But It’s Already In There

Have you ever had co-workers come back from the latest conference with brochures and a gleam in their eye about the latest new software application, tool, or utility they saw in a demo, presentation or keynote speech?  How about the manager who has no idea about what software is running within his/her company who comes back from a day of golf,… excuse me, a day of consulting with their peers and now has a great idea on how to revolutionize the IT department, save money, and reduce head count while providing more services?  And then there are the constant influx of sales staff who want to come in for a meeting that you never asked for and you don’t have time to attend to show you how their latest product or release will make you famous in your organization and help you get that big bonus or promotion that you know you deserve.

The problem is that all too often the ‘new’ thing they are trying to sell you can already be done using existing software and services you already have but have never used.  A good example of having software that you are not taking full advantage of is the Microsoft Office Suite.  Have you ever had someone try to convince you or your management that you need a custom form generation tool so you can digitalize all your organization’s forms and go paperless saving tons of money by not needing as many printers, printer supplies, paper, storage for the resulting paper, etc.  The goal to go paperless is an admirable goal, but have you really considered the tools you already have and decided that they absolutely could not meet your needs?

For example, how many people know how to create forms using Microsoft Word?  Did you know that you can include data fields in the Word document that include not only text fields, but check boxes, radio (option) buttons, dropdown selections, and more?  Did you know that you could protect the document from inadvertent changes by the user by locking the text but leaving the input fields editable?  Did you know that you could generate PDF forms directly from your Word document?

Let’s take a deeper look at forms.  Have you looked at the programs included in the Microsoft Office suite version purchased by most corporations?  Did you notice a program called InfoPath?  Maybe you have no idea what InfoPath is.  Maybe you think that InfoPath only works with SharePoint.  It does not.  In fact, you can use InfoPath forms from a file share or use them in emails to get responses from uses.

If you took the time to learn the tools you already have, would you need that other software?  I’ve heard the argument that staff members never used these tools because they have not been trained on how to use them.  Serious, you believe that the new software will provide that much better training?

Another example is the use of images.  It is easy today for people to take pictures with their digital cameras or even their smart phones and try to insert those pictures into documents, PowerPoint presentations, and even web pages.  However, did you do any editing of the picture before you used it?  Did you crop the picture down to only the important elements?  Do you really need the sky to take up half the top of the picture or the ground to consume a third of the lower half of the picture?  Did you take the time to remove red-eye effects from the people or do you just like those glowing red eyes in the photos of your boss?  Again if you have the Microsoft Office Suite, there is a tool that can be found in the Start Menu under the Microsoft Office folder à Miccrosoft Office Tools à Microsoft Office Picture Manager that can do much of your image editing.  Furthermore, if you simply add the picture into a Microsoft Office Word 2010 document, you can select the image and access many image editing features directly from within Word.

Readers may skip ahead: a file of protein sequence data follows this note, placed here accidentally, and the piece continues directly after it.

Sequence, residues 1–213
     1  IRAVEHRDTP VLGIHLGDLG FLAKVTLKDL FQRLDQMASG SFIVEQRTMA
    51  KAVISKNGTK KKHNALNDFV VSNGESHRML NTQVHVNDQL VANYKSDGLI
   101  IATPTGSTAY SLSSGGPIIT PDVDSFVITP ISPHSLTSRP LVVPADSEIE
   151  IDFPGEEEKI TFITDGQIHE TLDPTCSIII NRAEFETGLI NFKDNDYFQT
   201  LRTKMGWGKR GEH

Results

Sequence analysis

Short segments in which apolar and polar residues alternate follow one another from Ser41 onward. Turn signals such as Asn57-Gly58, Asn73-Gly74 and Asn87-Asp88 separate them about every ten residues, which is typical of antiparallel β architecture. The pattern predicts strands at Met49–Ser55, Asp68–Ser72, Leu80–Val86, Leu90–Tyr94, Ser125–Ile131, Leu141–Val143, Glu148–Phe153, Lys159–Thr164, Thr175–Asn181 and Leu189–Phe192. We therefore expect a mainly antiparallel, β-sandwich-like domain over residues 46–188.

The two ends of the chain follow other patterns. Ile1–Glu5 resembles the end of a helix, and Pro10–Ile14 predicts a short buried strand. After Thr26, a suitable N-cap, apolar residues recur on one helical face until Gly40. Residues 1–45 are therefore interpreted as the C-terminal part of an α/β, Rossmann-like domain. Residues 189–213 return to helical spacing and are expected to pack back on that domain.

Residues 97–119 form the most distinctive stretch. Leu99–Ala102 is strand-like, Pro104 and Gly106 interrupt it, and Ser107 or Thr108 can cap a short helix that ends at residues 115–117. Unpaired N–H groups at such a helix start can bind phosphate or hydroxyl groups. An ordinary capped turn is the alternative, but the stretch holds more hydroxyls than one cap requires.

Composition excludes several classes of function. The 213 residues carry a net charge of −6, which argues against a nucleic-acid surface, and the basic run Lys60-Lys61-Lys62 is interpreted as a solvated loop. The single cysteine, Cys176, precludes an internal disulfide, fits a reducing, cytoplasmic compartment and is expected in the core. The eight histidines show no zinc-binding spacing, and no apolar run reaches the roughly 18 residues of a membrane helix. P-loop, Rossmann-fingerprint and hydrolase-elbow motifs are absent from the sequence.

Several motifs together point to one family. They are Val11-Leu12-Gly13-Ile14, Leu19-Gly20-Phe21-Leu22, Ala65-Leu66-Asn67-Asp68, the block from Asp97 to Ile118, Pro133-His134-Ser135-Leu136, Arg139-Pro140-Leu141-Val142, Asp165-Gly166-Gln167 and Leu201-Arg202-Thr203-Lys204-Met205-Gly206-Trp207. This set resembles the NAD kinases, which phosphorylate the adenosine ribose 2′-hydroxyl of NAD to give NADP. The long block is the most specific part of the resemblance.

If you have been reading my blogs for the last year, you probably already know that I am a major proponent of using PowerPivot for Excel to analyze departmental data.  There is no need to buy a fancy and expense business analysis tool to perform basic analysis if you have a good understanding of how to use Excel.  I just heard that the Walgreen drug store chain uses PowerPivot, not a fancy and expensive BI tool, to analyze all their data.  Sure you might want to work with your DBA to build the data infrastructure (data model), but with all the tools in Microsoft Excel 2010, you can custom format your pivot tables, pivot charts, and other data using conditional formatting, Sparklines, and other features into a functional management dashboard.  If your organization also uses SharePoint 2010 Enterprise and upgrades the database to SQL Server 2012, a new included feature called Power View (yes, it is two words) provides more controls to ‘dress up ‘ your analysis results to look as good as most of the commercial business intelligence analysis tools.

Now don’t assume that I mean to imply that you should never consider other products or services.  The IT industry is in constant flux and sometimes new tools are exactly what you need.  However, I do strongly recommend that you look at new tools with both eyes wide open and with a strong understanding of what your existing tools are capable (even if you are not yet using those features).  Also do not be distracted by flashy presentations or ‘if you buy today’ type of high pressure sales offers.  Consider what opportunities the new tool brings to the table that you do not have but that after a reasonable analysis you decide that you and your organization really needs.  And always, always be sure that what you really need does not already exist in a tool that you already own.

C’ya next time.


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